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Olivia Chow weighs in on Toronto casino, but she’s not campaigning

Olivia Chow, touted as a possible mayoral candidate if the mayor loses his appeal and has to leave office, says a casino would have negative consequences for the people in her riding.

Peter Power/The Globe and Mail

If Olivia Chow does run for mayor, expect her to work against putting a casino downtown, or at Exhibition Place, for that matter.

Supporters of a Toronto casino, like Mayor Rob Ford, say it would bring in millions of dollars, but Ms. Chow – the MP for the downtown riding of Trinity-Spadina – is against the idea.

Ms. Chow, who has been touted as a possible candidate for the left if the mayor loses his appeal and has to leave office, said the casino would have negative consequences for the people in her riding.

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"My riding has a lot of young people living there, and the last thing I want them to do is get into a gambling addiction," she said in an interview after a Downsview Park news conference on Wednesday. "That's not good for their future or the family they're going to create or have."

She also said the city's infrastructure would not be able to support the many visitors that a casino would attract since public transit is already "packed to the gills."

"If you bring people to downtown Toronto to gamble, how are they going to get there?" she said. "It's not going to happen. Where are they going to park their cars?"

Adding the 10,000 parking spots that would be needed to support a casino would be like bringing Yorkdale Mall's parking lot – and a little extra – downtown, said Ms. Chow.

"Maybe a bike-only casino!" she joked.

A small smile spread across her face as she laughed – a sign that her facial paralysis has improved.

Ms. Chow was diagnosed with a viral infection last month known as Ramsay Hunt syndrome, which left the left side of her face paralyzed.

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Though the left side of her mouth remains slightly limp, she said she has gained better control over her eyelid and the left side of her mouth.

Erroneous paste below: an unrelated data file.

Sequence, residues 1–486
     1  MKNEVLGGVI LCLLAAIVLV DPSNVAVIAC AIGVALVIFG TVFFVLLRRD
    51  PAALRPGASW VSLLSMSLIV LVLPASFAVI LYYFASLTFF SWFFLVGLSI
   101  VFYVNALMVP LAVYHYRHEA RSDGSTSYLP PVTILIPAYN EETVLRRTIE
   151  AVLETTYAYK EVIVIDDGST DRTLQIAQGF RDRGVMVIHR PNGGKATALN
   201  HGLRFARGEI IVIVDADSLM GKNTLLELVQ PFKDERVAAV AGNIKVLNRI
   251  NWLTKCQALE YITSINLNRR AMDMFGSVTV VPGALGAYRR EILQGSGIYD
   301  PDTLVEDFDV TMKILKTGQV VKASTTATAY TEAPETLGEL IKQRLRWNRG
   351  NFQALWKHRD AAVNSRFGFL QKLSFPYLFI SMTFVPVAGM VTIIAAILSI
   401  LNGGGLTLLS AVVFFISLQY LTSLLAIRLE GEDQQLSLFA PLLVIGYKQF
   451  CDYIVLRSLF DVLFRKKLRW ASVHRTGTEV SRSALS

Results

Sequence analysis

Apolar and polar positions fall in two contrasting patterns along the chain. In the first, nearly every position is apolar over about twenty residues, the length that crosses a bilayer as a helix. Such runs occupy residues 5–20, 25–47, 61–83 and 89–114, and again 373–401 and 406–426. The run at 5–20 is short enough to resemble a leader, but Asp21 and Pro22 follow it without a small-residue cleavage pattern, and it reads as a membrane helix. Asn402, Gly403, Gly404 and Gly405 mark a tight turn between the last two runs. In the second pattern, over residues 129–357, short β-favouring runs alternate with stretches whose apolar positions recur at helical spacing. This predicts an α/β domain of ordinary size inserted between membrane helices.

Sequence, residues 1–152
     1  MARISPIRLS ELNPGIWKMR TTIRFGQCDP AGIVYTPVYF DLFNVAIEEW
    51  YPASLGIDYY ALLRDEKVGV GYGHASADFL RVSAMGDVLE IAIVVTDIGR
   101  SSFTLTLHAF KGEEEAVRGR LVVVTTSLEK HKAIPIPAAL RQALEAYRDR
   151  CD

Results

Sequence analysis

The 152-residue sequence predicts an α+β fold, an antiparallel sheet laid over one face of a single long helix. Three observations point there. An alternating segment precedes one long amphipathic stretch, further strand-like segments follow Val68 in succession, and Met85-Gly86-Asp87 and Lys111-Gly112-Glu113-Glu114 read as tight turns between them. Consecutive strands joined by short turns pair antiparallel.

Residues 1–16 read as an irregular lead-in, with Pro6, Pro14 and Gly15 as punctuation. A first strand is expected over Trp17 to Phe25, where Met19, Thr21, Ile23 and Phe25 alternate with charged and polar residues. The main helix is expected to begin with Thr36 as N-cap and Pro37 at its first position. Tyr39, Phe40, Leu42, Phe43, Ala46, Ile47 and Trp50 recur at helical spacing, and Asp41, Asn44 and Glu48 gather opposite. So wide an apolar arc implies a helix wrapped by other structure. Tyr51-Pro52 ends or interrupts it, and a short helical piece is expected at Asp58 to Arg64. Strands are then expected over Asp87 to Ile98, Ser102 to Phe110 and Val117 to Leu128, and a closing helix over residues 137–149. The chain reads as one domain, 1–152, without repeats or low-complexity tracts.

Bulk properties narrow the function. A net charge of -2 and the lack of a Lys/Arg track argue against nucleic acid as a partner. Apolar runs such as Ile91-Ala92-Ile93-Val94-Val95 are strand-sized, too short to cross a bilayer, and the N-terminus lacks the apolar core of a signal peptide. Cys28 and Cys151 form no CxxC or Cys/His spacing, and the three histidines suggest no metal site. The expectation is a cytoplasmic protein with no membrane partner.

"I tell my friends, 'I'm behind my face. You have to put up with it!'" she said with a laugh. "It'll come back."

On Wednesday morning, she joined City of Toronto Councillor Maria Augimeri to speak out against the federal government's interest in possibly selling Downsview Park's land.

The land became an asset of the Canada Lands Company last December when the Conservative government dissolved the park's board of directors without any public consultation, said a news release.

Although Ottawa hasn't said what it plans to do with the land, selling the 261-acre park could bring in a quarter of a billion dollars in revenue, said Ms. Chow, a move she would strongly oppose.

"It's meant to be park land. It's meant to be for the people of Toronto... It shouldn't be treated as a cash cow," she said. "If there's any sale of the park land, every dollar of it needs to come back to the maintenance and operation of Downsview Park. It shouldn't go to the general revenue or the pocket of the federal government."

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City of Toronto Councillor Maria Augimeri added that the federal government's decision to develop Rouge Park into Canada's first large urban park only "adds salt to the wounds."

With its central location and access to public transit, she said Downsview Park has the potential to become one of the most important parks in the city.

She added that the federal government hasn't responded to any requests to preserve the land.

Meanwhile, Ms. Chow refused to say whether she will run for mayor in a possible by-election.

She said many Torontonians have approached her, telling her she should.

"I'm listening to their advice," she said. "And then I turn around and say, 'Hey, what do you think should happen for the city of Toronto? What do you think the mayor should do?'"

She added that though she can't predict what city council would decide if Mr. Ford has to leave office, she will "seriously consider what role I might play" once they make their decision.

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